Wearable Art: Elichai

Worldly Design: Elichai

Written by Nancy Kessler  •  Photography by Charlie Eubank

“Jewelry is an emotional conduit, a form of communication,” says Elichai, owner of the self-named gallery in Livingston, Mont. “I make things that embody the people who wear them, and the emotions of the giver, whether they’re saying thank you, we love you, you’re beautiful.”

Elichai uses only his first name, which means “God is life” in Hebrew, making him as distinctive as his creations.

“Without God we’re nothing,” said Elichai. “God gives us our strength and our talent.”

He has pursued his artistic talent since childhood, and still draws every piece he builds. Born in Billings, he moved to Honduras at age 9 with his missionary parents, where he was introduced to wood carving and discovered his passion for engraving. He returned to Montana for college at MSU studying languages and art, and apprenticed with Don Baide of The Gem Gallery. Since then, he has received many awards for his work, including first place for High Quality Jewelry Design at the Jewelers Association Show in New York City.

“I’ve been training in the trade ever since,” he said. “I place a premium on training. Now I hire people to come here to train me.”

Although he speaks three languages, has lived all over the globe, and his clients come from as far away as Singapore, Japan, Belgium and Indonesia, Elichai returned to Montana for the inspiration he derives from the mountains, lakes and wildlife. He opened his Livingston boutique six years ago, and a studio in Billings opens this month by appointment only.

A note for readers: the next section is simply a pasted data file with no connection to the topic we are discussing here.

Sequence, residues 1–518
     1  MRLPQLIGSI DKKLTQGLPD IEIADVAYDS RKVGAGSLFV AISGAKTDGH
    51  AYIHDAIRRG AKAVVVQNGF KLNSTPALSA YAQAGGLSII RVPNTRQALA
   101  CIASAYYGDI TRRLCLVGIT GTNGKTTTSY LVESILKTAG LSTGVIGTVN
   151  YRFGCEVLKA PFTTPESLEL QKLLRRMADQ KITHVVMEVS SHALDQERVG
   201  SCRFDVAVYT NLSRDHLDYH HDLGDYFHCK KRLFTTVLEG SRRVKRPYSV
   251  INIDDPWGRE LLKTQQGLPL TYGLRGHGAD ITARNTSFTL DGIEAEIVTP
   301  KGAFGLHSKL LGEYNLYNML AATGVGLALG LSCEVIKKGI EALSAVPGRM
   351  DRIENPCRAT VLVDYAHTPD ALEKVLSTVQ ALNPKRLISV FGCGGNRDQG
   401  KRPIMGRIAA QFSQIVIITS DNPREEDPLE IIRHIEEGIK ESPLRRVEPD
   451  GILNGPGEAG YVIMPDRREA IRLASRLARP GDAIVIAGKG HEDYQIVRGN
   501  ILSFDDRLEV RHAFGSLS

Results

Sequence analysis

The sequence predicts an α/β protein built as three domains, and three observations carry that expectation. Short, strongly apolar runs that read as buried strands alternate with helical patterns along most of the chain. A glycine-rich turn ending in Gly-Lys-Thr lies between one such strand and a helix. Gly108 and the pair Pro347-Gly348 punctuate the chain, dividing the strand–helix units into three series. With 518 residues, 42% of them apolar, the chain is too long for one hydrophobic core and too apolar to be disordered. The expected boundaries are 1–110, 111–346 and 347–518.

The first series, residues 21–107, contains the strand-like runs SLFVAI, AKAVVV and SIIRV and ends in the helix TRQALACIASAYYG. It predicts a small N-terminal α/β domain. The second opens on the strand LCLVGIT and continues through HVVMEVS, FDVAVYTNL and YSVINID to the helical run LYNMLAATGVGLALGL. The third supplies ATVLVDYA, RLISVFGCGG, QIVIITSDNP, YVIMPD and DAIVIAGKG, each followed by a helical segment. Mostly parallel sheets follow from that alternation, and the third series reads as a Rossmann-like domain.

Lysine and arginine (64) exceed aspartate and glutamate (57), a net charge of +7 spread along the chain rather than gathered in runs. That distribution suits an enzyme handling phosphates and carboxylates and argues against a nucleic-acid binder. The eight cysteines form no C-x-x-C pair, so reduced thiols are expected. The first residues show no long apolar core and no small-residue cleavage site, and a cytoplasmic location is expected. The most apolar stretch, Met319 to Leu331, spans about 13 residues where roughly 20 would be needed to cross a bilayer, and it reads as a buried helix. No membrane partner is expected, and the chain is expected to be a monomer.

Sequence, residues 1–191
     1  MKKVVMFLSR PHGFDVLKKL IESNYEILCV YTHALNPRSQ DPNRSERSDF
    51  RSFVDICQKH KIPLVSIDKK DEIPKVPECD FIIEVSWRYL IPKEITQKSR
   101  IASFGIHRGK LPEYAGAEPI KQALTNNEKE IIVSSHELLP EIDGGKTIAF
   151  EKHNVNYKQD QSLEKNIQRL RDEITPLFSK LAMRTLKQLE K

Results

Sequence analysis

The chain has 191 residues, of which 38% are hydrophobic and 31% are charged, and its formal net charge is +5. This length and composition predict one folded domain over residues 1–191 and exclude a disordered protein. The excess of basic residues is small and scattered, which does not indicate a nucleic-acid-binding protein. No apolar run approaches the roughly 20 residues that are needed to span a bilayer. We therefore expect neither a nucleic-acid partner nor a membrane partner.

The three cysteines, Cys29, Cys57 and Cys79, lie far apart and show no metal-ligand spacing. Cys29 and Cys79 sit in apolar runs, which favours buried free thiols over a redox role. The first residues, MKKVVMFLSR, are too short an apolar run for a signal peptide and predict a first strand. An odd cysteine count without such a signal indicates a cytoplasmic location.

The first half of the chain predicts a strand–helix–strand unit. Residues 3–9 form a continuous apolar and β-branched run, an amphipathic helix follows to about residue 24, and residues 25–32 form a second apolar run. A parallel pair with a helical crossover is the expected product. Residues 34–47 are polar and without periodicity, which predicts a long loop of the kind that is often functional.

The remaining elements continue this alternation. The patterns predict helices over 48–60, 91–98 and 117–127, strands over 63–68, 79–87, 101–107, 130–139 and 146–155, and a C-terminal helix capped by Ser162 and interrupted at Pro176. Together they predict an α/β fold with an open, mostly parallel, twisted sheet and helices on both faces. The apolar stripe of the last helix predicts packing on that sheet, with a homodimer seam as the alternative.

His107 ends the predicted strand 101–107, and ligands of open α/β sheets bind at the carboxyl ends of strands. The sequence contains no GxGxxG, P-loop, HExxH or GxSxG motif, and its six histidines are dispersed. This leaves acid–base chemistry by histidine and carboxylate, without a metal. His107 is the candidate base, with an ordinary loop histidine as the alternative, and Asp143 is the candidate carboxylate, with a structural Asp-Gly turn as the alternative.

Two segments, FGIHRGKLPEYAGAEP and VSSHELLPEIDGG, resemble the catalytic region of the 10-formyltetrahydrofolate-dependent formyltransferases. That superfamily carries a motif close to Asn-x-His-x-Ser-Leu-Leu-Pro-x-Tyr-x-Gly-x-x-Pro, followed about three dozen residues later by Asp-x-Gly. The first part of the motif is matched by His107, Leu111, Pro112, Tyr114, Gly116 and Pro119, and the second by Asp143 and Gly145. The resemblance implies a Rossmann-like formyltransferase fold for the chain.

Elichai has designed more than 1,500 hand-engraved and decorated pieces, almost all on commission. He works with all gemstones and in all precious metals, but is partial to rose gold, platinum and palladium.

“I really love Yogo sapphires, especially purple sapphires,” he added. “But I have a deep appreciation for colored diamonds from Australia and fair trade Sirius Star diamonds from Canada. My passion is ultra-fine colored stones from around the world.”

His unique jewelry and other fine accessories, like knives and watches, have considerable depth and intricate ornamentation, as well as another unusual aspect. He is one of the few local jewelers who incorporates cabochon-cut gems, with rounded tops and no facets, or rough, uncut and unpolished stones in his work. And each piece of his own design contains a signature secret element, most often a Yogo sapphire, hidden from view of everyone but the owner.

“All of these pieces have stories,” he said. “That’s why I add a hidden element. Each piece is connected to the person who owns it. If it’s not loved and being worn, I didn’t do my job.”

Believing that jewelry should be made to last and to be comfortable, Elichai will spend hours with a client helping to bring their desired conception to fruition so that it becomes a family heirloom. He gives the same attention and hospitality to everyone, he said, whether they want a simple piece or something that will cost many thousands of dollars. “People are valuable,” he said. “I want to listen and design what they want. Jewelry is not made to be stored in a safe. I like to make things people can enjoy all day long.”


Elemental Beauty: Stephen Isley Jewelry

Written by Alethea Schaus • Photography by Audrey Hall

Imagine wearing a treasure inspired by the elemental beauty of Montana. Working as a collaborative team, Stephen Isley and Cindy Just create some of the finest jewelry in the world, containing exquisite natural gems and metals, custom designed and handcrafted at their gallery in downtown Whitefish. Stephen Isley Jewelry serves collectors near and far, and specializes in jewelry featuring rare Montana Yogo Sapphires.